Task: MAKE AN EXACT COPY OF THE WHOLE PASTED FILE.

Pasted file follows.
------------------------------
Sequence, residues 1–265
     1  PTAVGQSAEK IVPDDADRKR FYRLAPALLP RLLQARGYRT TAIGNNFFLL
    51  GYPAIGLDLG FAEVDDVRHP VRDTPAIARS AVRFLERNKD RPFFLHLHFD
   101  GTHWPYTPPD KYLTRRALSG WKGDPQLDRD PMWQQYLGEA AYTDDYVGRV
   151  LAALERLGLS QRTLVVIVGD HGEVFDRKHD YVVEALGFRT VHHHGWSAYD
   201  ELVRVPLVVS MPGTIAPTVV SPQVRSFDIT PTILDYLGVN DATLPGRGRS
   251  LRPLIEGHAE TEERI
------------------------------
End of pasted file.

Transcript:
Sequence, residues 1–265
     1  PTAVGQSAEK IVPDDADRKR FYRLAPALLP RLLQARGYRT TAIGNNFFLL
    51  GYPAIGLDLG FAEVDDVRHP VRDTPAIARS AVRFLERNKD RPFFLHLHFD
   101  GTHWPYTPPD KYLTRRALSG WKGDPQLDRD PMWQQYLGEA AYTDDYVGRV
   151  LAALERLGLS QRTLVVIVGD HGEVFDRKHD YVVEALGFRT VHHHGWSAYD
   201  ELVRVPLVVS MPGTIAPTVV SPQVRSFDIT PTILDYLGVN DATLPGRGRS
   251  LRPLIEGHAE TEERI